On April 15, Delta launched a new benefit "suite" for top-tier elite members of its SkyMiles program, and for passengers traveling on business- or first-class tickets. Dubbed Sky Priority, it includes the following:
- Priority check-in
- Expedited security lines at select airports
- Priority boarding
- Expedited baggage handling
- Dedicated reservation line
That seems pretty clear. Where things get murky is in the overlap between Sky Priority perks and the existing benefits enjoyed by Delta elite members. Consider the following note from Lynne, a Silver elite in Delta's program, who had just received an email notice of Sky Priority's introduction:
"This year, I'm only Silver. When I read the double-speak in this email today, I interpreted it to mean that my Silver status (which they hope I am enjoying) no longer offers me benefits beginning April 15.
"Then I went to check in for my April 15 flight, and my suspicions were confirmed. Silver no longer gets priority seats, no longer gets breezeway boarding... in fact, effective tomorrow, I'm not sure what I do get until I hit Gold once again because the web site only features the old information as of tonight!"
It would appear, based on Lynne's experience, that some Silver elite benefits were being sacrificed on the altar of Sky Priority. But when I suggested as much to a Delta spokesman, he stated categorically that "Silvers are not losing anything."
In a follow-up email, he elaborated specifically on the issues of priority check-in and boarding for Silver elites: "For check-in, signage will be clearly marked for Silver Medallions—in hub cities, they will have dedicated Silver Medallion check-in; in non-hub cities check-in signage for Sky Priority lists Silver Medallion members. For the boarding process, zone 1 will be dedicated to Sky Priority customers and zone 2 will be used for Silver Medallion members. Zones 3 and 4 will continue to be used for general boarding."
When the dust settles, it may well turn out that Lynne was simply the victim of an operational hiccup in the initial days of a new procedure roll-out. It happens.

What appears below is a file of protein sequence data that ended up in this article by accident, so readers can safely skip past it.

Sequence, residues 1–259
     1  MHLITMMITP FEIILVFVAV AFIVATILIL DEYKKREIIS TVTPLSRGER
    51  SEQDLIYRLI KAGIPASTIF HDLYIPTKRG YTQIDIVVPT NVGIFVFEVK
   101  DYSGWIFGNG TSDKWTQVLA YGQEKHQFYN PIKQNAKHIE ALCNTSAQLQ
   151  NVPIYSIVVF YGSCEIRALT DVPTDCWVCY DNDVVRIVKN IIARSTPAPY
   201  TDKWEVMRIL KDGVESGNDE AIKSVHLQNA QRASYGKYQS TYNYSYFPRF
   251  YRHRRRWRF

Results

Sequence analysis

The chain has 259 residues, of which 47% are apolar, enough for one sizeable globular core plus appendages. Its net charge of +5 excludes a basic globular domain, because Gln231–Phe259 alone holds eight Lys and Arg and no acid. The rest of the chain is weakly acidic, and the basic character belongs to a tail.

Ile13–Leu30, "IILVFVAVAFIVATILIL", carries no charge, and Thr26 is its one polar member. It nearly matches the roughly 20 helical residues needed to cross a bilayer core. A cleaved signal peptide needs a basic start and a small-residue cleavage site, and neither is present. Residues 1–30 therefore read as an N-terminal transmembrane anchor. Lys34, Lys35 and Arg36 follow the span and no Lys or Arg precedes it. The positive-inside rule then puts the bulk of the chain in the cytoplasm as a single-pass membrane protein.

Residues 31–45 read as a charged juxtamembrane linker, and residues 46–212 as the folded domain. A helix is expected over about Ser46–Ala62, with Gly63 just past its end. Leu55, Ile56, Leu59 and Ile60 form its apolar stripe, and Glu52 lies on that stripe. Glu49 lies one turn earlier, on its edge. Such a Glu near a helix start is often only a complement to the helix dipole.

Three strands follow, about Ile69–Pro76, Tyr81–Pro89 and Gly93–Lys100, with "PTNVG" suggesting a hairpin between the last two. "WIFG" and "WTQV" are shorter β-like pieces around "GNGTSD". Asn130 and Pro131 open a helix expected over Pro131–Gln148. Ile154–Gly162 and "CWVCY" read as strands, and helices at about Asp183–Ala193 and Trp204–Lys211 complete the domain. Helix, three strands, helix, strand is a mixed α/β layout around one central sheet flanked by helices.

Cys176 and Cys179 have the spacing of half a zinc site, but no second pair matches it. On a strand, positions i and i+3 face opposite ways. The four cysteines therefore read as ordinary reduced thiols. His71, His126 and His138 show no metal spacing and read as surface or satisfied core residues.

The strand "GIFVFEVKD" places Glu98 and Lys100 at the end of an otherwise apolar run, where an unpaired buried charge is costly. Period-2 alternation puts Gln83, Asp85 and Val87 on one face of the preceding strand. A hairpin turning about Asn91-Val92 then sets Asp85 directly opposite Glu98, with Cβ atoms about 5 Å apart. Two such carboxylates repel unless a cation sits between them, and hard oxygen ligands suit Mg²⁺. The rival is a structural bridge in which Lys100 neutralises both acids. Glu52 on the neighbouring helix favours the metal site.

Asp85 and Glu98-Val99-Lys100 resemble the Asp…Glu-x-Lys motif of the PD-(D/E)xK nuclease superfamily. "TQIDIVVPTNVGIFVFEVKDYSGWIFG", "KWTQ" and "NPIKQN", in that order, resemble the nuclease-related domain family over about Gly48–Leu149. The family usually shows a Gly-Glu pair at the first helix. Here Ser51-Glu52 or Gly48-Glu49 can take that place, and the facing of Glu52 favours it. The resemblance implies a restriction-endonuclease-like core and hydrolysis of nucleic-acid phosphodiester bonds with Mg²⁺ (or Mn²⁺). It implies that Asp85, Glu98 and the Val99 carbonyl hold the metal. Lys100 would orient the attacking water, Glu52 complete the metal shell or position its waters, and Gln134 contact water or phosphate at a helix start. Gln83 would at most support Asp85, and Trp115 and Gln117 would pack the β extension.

So, what's the verdict on Sky Priority?
None of the benefits is new. This is a case of bundling and branding a collection of travel perks under the Sky Priority name.
It's probably smart marketing, in theory. If you can repackage elements of an existing service, give them a catchy name, and generate some goodwill and positive press, you'll earn the gratitude of company stockholders and justify an executive pay package.
The net benefit to travelers, however, isn't so obvious.
In practice, even the cleverest ideas should be subjected to an acid test: Can the benefit be communicated simply and clearly, such that the intended beneficiaries "get it"?
In this case, because of the confusion inherent in offering elite members what they were already privy to, but with a glitzy label, the communications effort so far isn't scoring very well. For elite members, there isn't much "it" to get. And suggesting otherwise creates more confusion than clarity.
The confusion could have been easily avoided, by linking Sky Priority to high-priced tickets (first, business, full-fare coach) and not to elite status.
It's too late now, however. Having very publicly promised that elite members will henceforth receive Sky Priority benefits, reverting to the old package of perks would appear retrograde—even though nothing would be lost but the name.